Nijmegen: The City That Remembers

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Transcript

Located approximately 100km east of Rotterdam, the city of Nijmegen is a mid-sized Dutch city situated on the Waal river that few people outside of the Netherlands are familiar with.

For the last several years, every single day regardless of the weather, people of Nijmegen have honored events that took place in the city 76 years ago. 

Learn more about the city of Nijmegen and the daily Sunset March on this episode of Everything Everywhere Daily. 

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This episode is sponsored by Audible.com.

If you want a more in-depth account of the Battle of Nijmegen, the audiobook I would recommend is Left for Dead at Nijmegen The True Story of an American Paratrooper in World War II by Marcus Nannini.

The book tells the story of Gene Metcalf, who was a paratrooper who landed outside of Nijmegen. He details the failure of the planning of Operation Market Garden and how it led to his capture and tenure as a POW in Germany

You can get a free one month trial to Audible and 2 free audiobooks by going to audibletrial.com/EverythingEverywhere  or clicking on the link in the show notes.

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Before I explain what is happening today in the city of Nijmegen, I first need to set the table by explaining what happened back in September 1944.

The Allies had landed in Normandy back in June and were pushing north into Belgium and the Netherlands. 

The goal was to get to Berlin quickly and to finish the war by Christmas. 

To achieve this, British Field Marshall Bernard Montgomery hatched a plan known as Operation Market Garden. 

Market Garden was an audacious plan whereby allied paratroopers would be dropped behind enemy lines to take key bridges, and land forces would then rush up behind them to advance and cut off German forces. The airborne component was the “market” and the ground forces were the “garden”.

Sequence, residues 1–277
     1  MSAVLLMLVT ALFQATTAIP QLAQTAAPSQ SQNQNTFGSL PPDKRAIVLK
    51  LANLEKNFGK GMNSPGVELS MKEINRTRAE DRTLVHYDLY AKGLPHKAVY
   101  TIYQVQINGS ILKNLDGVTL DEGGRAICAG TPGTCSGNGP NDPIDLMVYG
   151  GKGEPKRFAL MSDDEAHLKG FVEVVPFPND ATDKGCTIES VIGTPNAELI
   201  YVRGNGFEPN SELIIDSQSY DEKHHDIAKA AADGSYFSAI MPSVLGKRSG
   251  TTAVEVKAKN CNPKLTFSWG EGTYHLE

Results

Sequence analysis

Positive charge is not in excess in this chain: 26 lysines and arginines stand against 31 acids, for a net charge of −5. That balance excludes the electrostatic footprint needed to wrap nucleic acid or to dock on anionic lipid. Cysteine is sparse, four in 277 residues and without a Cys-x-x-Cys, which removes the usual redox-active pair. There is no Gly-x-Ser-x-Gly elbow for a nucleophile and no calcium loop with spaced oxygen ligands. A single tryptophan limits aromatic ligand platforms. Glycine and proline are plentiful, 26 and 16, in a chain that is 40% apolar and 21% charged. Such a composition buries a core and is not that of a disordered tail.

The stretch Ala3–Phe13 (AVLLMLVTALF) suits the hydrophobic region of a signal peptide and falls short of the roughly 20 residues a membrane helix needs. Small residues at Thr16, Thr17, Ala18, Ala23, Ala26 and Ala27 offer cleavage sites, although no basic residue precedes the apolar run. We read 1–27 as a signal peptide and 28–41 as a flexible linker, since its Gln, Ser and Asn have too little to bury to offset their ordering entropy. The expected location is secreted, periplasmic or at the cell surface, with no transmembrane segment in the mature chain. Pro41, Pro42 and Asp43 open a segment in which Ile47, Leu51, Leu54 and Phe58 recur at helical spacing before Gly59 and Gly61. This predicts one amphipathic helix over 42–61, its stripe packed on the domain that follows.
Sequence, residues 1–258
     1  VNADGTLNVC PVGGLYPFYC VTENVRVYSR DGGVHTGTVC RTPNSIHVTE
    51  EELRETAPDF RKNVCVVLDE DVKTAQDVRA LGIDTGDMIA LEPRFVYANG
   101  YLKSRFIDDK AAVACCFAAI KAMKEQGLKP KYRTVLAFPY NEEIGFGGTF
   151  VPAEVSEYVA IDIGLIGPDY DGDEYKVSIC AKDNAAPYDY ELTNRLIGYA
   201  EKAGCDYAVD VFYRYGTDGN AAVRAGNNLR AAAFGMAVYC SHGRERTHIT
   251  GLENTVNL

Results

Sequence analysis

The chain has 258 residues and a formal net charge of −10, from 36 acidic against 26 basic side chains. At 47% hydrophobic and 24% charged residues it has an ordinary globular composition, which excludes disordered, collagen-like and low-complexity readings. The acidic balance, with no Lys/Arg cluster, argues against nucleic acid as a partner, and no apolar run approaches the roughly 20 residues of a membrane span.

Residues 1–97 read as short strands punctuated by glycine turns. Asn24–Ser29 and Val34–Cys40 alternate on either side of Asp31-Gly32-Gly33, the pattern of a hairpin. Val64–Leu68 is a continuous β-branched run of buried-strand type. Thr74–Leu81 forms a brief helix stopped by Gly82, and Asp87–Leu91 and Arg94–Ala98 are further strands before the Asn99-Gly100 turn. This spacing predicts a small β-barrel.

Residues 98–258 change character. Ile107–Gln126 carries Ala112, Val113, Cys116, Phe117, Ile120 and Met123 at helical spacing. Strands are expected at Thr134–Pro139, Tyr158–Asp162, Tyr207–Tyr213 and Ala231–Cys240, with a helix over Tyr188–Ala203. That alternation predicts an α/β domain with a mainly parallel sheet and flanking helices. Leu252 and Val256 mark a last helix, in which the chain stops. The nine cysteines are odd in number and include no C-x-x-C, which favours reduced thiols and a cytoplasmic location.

If successful, this would have created a 100 km thrust into the Netherlands which would create one arm of a pincer which would then envelop the German industrial heartland.

If you want an excellent dramatization of Operation Market Garden, I suggest watching the epic 1977 movie A Bridge Too Far. They especially have scenes that detail the events I’ll be talking about in this episode. 

One of the key bridges which needed to be taken was in the city of Nijmegen. 

As I noted in the introduction, Nijmegen sites on the Waal River, which is a very wide river and important for transportation. The bridge over Nijmegen was one of the longest in Europe at the time. 

The entire plan involved one road and capturing the key bridges along that road. If one of the bridges along the route failed to be taken, the entire operation would fail. I’m not going to go into more detail about Operation Market Garden as it could easily be its own episode, suffice it to say that taking the bridge in Nijmegen was key to the success of the entire operation. There was a second railroad bridge in Nijmegen, but this story revolved around the road bridge. 

In Nijmegen, the major concern was that the road bridge was going to be blown up by the Germans. If that happened, then the entire operation was dead. However, the Germans believed that the bridge needed to be preserved so it could be part of a future German counterattack.

When the first paratroopers were dropped and the attack began on September 17, the bridge was intact. 

The entire operation went much slower than expected, with delays in taking bridges and traffic jams. 

When the time came to take the bridge on September 20th, the allies realized they needed to take both sides of the bridge. To get to the north side of the bridge, they would need boats, and they didn’t have any.